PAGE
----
Under 23 German racer Manfred Reis signed with the Felt Ötztal X-Bionic World Cup Team beginning in 2010 and running through 2012. Last year, when he was just 18, "Manne" drew attention to himself by becoming the youngest rider to win the Under 23 German cross country championships.
Reis joins the Austrian Under 23 Champion Simon Scheiber as the second young male rider on the team.
"I'm still young. At 19, I'm still two years younger than Simon. I have the possibility of learning from top stars on the team and benefiting from being in a professional environment," said Reis, who considers the Olympic Games to be a long-term goal, though he's not yet focusing on a particular year. "This is a perfect opportunity for me to develop as a rider."
Reis still has four years to race in the Under 23 category before he moves to the elites. "In the long term I want to establish myself in the elite category and achieve good World Cup results."
"Manne is not only one of Germany's biggest mountain bike talents, he is also a great guy. If he continues his improvement over the next few years, there is no reason why he cannot achieve his goals," said Team Director Jörg Scheiderbauer.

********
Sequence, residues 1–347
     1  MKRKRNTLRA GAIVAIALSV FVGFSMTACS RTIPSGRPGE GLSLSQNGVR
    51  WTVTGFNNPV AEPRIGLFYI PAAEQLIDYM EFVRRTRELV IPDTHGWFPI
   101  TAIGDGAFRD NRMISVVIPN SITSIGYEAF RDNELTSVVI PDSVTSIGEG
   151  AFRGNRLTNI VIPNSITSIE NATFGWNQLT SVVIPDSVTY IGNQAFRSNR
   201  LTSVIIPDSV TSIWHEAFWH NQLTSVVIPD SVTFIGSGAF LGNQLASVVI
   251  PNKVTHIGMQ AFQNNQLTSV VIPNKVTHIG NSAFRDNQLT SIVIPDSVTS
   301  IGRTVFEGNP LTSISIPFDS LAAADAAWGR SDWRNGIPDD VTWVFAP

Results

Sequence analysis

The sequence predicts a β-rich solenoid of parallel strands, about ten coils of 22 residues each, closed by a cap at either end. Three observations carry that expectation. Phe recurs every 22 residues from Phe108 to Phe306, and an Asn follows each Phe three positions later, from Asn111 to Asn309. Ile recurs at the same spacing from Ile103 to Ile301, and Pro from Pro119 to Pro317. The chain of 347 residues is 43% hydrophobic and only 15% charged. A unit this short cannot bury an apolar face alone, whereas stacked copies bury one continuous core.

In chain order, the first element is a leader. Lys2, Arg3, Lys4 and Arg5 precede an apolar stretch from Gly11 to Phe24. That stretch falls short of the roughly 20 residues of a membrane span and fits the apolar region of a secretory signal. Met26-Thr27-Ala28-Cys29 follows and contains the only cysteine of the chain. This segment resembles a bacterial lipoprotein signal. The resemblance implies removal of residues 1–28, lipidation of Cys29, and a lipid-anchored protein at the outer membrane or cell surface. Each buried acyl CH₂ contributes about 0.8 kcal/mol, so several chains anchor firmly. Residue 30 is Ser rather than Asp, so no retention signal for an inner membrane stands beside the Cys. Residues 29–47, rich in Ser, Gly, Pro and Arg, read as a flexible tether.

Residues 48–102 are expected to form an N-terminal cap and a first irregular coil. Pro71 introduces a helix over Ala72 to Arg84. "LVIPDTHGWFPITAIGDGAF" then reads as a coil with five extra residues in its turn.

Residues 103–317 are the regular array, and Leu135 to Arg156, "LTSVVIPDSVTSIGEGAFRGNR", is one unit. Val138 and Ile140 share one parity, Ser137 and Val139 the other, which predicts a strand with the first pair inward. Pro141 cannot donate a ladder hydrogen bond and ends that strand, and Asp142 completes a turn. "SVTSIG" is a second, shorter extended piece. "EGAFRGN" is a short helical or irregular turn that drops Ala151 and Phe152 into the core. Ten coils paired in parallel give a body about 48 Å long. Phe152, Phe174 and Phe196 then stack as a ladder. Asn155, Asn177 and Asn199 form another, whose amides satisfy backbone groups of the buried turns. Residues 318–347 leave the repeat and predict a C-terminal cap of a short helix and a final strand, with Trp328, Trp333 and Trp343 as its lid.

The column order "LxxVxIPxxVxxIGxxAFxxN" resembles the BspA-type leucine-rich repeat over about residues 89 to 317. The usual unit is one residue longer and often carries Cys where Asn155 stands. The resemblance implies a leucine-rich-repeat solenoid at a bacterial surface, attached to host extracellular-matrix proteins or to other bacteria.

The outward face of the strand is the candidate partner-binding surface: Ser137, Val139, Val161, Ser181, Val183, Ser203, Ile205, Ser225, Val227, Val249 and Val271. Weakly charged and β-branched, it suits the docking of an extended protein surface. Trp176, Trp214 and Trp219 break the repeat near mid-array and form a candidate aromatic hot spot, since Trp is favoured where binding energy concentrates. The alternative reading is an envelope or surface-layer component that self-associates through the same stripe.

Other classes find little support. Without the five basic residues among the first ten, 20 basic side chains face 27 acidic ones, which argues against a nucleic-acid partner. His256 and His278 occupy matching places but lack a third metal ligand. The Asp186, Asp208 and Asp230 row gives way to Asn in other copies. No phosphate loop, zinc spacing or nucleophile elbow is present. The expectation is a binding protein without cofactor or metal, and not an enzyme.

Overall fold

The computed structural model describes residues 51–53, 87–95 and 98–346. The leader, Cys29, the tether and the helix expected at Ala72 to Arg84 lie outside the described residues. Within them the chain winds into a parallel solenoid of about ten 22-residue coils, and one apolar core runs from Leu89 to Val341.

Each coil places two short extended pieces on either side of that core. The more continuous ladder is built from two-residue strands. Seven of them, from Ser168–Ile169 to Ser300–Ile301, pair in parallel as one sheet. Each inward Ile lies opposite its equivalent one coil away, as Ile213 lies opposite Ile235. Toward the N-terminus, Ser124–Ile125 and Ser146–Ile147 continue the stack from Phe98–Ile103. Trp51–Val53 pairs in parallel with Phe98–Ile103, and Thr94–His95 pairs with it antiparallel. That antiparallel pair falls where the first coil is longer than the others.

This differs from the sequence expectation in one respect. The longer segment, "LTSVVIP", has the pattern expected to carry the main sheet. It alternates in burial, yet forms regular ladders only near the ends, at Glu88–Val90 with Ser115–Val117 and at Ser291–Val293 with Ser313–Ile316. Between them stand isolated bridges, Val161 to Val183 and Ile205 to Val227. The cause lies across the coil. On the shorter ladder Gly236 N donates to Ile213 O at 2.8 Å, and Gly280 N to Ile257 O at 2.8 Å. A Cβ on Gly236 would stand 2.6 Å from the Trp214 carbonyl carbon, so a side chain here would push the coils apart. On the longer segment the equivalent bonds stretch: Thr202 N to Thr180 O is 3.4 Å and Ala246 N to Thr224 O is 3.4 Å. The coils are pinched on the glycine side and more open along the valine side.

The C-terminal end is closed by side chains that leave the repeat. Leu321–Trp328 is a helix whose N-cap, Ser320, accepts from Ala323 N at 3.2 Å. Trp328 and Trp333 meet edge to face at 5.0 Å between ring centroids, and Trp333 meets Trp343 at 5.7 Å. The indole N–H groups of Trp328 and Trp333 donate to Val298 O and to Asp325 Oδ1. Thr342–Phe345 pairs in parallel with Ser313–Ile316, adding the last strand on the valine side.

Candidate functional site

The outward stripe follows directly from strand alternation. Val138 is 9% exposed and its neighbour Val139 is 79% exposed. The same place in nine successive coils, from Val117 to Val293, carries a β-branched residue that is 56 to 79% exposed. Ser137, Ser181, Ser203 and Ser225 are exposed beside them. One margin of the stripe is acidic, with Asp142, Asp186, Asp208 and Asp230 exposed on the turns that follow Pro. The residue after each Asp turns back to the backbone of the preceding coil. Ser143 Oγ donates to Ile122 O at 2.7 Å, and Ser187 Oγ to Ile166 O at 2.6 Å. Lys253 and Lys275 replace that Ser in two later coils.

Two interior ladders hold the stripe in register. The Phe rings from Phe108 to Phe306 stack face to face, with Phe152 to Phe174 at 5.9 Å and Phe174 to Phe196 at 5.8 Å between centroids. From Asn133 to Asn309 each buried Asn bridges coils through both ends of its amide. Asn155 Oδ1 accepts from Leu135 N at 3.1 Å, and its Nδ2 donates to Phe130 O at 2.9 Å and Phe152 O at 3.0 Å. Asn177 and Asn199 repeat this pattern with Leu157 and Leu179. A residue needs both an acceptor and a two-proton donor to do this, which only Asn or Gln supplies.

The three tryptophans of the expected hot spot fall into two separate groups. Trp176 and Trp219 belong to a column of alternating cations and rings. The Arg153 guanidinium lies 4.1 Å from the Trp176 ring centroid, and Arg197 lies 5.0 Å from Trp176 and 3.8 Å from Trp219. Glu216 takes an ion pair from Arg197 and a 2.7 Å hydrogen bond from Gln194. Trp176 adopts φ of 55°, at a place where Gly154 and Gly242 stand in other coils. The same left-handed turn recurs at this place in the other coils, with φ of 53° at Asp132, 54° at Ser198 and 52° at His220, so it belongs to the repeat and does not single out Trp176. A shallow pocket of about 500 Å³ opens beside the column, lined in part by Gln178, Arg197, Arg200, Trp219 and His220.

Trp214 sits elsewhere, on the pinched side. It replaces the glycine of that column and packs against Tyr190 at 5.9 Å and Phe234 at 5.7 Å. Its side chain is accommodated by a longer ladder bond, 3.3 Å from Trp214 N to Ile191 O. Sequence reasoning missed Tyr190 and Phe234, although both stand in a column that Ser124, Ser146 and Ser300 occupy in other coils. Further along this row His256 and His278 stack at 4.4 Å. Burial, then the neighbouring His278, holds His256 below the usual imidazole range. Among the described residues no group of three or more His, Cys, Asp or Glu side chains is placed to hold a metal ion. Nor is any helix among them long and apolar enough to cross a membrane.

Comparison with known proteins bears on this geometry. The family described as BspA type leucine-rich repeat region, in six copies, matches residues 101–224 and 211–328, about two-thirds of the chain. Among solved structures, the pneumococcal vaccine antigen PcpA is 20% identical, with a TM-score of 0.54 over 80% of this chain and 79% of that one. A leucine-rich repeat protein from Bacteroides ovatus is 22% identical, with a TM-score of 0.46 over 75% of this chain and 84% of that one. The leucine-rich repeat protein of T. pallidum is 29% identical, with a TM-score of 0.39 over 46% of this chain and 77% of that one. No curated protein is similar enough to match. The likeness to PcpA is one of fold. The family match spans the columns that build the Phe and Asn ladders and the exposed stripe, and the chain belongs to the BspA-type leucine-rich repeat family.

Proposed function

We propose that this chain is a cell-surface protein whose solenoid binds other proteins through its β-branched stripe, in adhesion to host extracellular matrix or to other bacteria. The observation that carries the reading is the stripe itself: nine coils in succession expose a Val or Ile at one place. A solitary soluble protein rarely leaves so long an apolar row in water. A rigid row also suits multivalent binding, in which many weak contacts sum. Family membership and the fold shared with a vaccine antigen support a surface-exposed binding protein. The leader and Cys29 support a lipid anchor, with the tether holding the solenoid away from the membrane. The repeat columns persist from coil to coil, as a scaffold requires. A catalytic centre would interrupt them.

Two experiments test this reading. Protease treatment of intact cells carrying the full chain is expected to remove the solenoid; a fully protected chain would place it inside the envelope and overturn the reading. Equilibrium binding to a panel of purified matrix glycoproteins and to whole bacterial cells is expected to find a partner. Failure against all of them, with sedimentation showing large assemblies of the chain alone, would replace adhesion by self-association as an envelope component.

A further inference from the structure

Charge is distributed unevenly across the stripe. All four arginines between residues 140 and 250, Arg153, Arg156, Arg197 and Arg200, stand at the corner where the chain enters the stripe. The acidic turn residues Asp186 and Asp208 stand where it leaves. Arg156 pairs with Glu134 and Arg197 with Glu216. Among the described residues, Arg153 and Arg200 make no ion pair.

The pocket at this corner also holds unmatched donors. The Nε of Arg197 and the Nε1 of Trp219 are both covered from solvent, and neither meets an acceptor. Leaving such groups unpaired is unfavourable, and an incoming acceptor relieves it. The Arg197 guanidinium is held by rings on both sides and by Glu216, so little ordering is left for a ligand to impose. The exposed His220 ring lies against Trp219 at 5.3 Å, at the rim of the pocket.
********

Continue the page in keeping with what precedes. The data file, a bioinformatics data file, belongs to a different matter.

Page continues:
Reis committed to pursuing a mountain bike career in 2005, but that's not how he got his start in sports.
"Like most young guys, I grew up playing soccer," he said. "Eventually I had to decide on one sport, the choice fell to mountain biking. Here, the prospects were simply better. Now I am, of course, happy with my decision."
In 2010, Reis will attempt to defend his current Under 23 national cross country title. "It's my focus, of course, but it's never easy. The competition is very strong and now all eyes are on me. I will certainly give it my best to reach the top of my sport both nationally and internationally. I want to mix it with the best in the Under 23 National series, and finish under the top 20 at the Under 23 European and World Championships."
Reis is trained as a baker and continues to earn a living that way. "On extreme days, I go to the gym at night between 11 p.m. and 1 a.m. before working from 1 a.m. until 10 a.m. in the bakery, followed by a training session on the bike, before I go to sleep. That is very stressful, but allows me to pursue my training."
Follow Cyclingnews on Twitter for the very latest coverage of events taking place in the cycling world - twitter.com/cyclingnewsfeed.